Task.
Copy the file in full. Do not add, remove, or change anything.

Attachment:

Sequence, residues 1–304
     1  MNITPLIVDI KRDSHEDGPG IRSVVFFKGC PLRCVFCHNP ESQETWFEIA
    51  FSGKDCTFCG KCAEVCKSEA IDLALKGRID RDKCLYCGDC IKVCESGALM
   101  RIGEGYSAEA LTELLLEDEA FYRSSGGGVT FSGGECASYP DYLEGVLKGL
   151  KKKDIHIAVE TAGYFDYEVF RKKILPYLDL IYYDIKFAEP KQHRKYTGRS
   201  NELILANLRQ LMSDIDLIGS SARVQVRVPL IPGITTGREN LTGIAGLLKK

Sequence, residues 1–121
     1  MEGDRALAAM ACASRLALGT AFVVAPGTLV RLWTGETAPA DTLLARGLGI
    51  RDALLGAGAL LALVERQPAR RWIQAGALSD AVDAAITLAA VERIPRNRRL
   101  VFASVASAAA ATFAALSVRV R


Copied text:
Sequence, residues 1–304
     1  MNITPLIVDI KRDSHEDGPG IRSVVFFKGC PLRCVFCHNP ESQETWFEIA
    51  FSGKDCTFCG KCAEVCKSEA IDLALKGRID RDKCLYCGDC IKVCESGALM
   101  RIGEGYSAEA LTELLLEDEA FYRSSGGGVT FSGGECASYP DYLEGVLKGL
   151  KKKDIHIAVE TAGYFDYEVF RKKILPYLDL IYYDIKFAEP KQHRKYTGRS
   201  NELILANLRQ LMSDIDLIGS SARVQVRVPL IPGITTGREN LTGIAGLLKK

Sequence, residues 1–121
     1  MEGDRALAAM ACASRLALGT AFVVAPGTLV RLWTGETAPA DTLLARGLGI
    51  RDALLGAGAL LALVERQPAR RWIQAGALSD AVDAAITLAA VERIPRNRRL
   101  VFASVASAAA ATFAALSVRV R